In the Federal government every job lists minimal qualifications for consideration. These include Knowledge Skills and Abilities (KSAs), minimum level of education for a pay grade and experience. With few exceptions service over one year in the next lowest pay grade qualifies for consideration for a promotion. Therefor consider two candidates, one has spent years at universities and has accumulated a BA an MA and a PhD. He is 28 years old and can apply for a position as a GS-9. His starting income will be about $40,000. Another candidate entered government service at age 19 with a High School diploma as a GS-3 and completed a BA from the local municipal college while being advanced in the normal course of service. Promotions from GS-5 up to level GS-9 are often not competitive and it is even possible to reach GS-11 without facing a review beyond general fitness for employment. Law enforcement jobs automatically promote to the GS-11 level or even higher. The even numbers do not really exist before the GS-12 level. It is possible that if he is minimally competent then before he is 30 he will be able to compete successfully for promotion to GS-11. There he will serve as the Supervisor for the entering PhD. The employee who entered at age 19 can then expect a total income, depending on locality, of around $80-100,000/annum. Obviously he is under some pressure to obtain certificates and degrees also, no matter if they are of lower objective quality, to increase his chances or promotion beyond the GS-9 level.

Robert Heinlein had Jubal Harshaw, MD JD refuse to use the honorific Dr until it will not be confused with a Playground Superintendent.

-------
JFSanders031,
(who would choose experience over credentials EVERY time)
Your point about the value of experience is well founded but my argument meant to focus on the defects of a centralized government bureaucracy in evaluating talent. In your private business you should be able to consider the strengths of all candidates for a job, both internal and external, and fit the right person into each position. My point is that in government both tools, credentials and tenure, are flawed and serve as improper substitutes for real managerial judgement. Once people who rely on these false criteria are promoted they produce flawed evaluations and countenance political manipulation of the HR process. This is either done covertly or can become codified under EEO processes. This decoupling of evaluations and promotions from honest managerial work related judgement is endemic in the government service. Even worse is that the government seeks through the legal system to force private employers to conform to government HR practices.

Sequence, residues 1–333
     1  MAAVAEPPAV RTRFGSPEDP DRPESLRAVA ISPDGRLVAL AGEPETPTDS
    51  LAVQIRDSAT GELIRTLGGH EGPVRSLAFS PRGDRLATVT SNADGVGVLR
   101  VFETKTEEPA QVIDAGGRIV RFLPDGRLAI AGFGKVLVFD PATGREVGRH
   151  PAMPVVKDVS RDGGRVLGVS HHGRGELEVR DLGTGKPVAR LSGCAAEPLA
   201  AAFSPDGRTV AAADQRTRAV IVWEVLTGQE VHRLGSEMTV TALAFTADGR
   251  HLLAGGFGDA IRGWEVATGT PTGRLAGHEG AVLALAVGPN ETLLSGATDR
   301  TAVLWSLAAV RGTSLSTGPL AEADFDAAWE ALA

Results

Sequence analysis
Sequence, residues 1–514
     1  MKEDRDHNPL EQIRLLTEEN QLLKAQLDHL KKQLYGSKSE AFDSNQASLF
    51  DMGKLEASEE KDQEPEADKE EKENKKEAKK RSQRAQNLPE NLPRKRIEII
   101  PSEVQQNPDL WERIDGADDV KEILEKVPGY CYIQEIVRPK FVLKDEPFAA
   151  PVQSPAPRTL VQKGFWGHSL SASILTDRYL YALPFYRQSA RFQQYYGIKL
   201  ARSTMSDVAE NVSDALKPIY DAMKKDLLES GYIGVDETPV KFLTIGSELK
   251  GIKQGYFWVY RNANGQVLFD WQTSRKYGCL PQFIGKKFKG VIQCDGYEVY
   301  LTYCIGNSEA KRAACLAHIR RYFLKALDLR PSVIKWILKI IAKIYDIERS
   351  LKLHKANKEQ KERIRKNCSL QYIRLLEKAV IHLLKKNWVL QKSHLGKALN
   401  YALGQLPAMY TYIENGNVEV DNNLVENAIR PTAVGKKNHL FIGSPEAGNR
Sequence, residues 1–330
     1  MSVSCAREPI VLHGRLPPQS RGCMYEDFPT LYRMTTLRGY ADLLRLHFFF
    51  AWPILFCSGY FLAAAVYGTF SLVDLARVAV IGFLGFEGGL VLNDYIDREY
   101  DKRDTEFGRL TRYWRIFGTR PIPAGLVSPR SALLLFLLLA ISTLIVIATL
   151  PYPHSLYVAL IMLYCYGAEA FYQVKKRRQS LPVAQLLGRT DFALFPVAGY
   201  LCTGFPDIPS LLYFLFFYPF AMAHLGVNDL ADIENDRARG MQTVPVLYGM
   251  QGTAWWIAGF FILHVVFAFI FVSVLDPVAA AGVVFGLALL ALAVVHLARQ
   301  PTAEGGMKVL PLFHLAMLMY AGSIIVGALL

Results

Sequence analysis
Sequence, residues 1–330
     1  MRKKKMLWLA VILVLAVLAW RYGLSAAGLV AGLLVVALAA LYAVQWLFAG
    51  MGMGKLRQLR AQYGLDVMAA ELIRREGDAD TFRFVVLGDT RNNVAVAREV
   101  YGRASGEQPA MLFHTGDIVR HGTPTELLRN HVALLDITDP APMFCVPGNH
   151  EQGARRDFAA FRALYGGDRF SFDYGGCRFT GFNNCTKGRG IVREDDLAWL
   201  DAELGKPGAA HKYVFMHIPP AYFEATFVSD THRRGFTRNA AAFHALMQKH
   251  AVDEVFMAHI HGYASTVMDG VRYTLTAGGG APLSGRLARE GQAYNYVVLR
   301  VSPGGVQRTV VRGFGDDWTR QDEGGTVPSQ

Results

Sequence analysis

Aug 30, 2009 - 9:03 am

2 comments:

james said...

No, I hadn't seen that story. Interesting; not unexpected.

For years our group's computer manager was an uncredentialed man who had started work with us learning how to program on an old IBM they'd bought (for a DAQ) that didn't have a compiler, and had learned it all as he went along. Everybody else was PhD'ed, but the criteria was "can you do the job" and he did it well.

My complaint was broader than politics, though. We assume that a professional teacher can teach our children better than we can (not true), that a psychiatrist's advice will be better than your grandmother's (depends on your grandmother, but some of them are wise), that the architect knows what he's doing when he gives you the plans (we discovered otherwise when the department's building was remodeled), that a lawyer is the best person for designing laws ("we wonders, yes we wonders..."), and on and on.

james said...

No, I hadn't seen that story. Interesting; not unexpected.

For years our group's computer manager was an uncredentialed man who had started work with us learning how to program on an old IBM they'd bought (for a DAQ) that didn't have a compiler, and had learned it all as he went along. Everybody else was PhD'ed, but the criteria was "can you do the job" and he did it well.

My complaint was broader than politics, though. We assume that a professional teacher can teach our children better than we can (not true), that a psychiatrist's advice will be better than your grandmother's (depends on your grandmother, but some of them are wise), that the architect knows what he's doing when he gives you the plans (we discovered otherwise when the department's building was remodeled), that a lawyer is the best person for designing laws ("we wonders, yes we wonders..."), and on and on.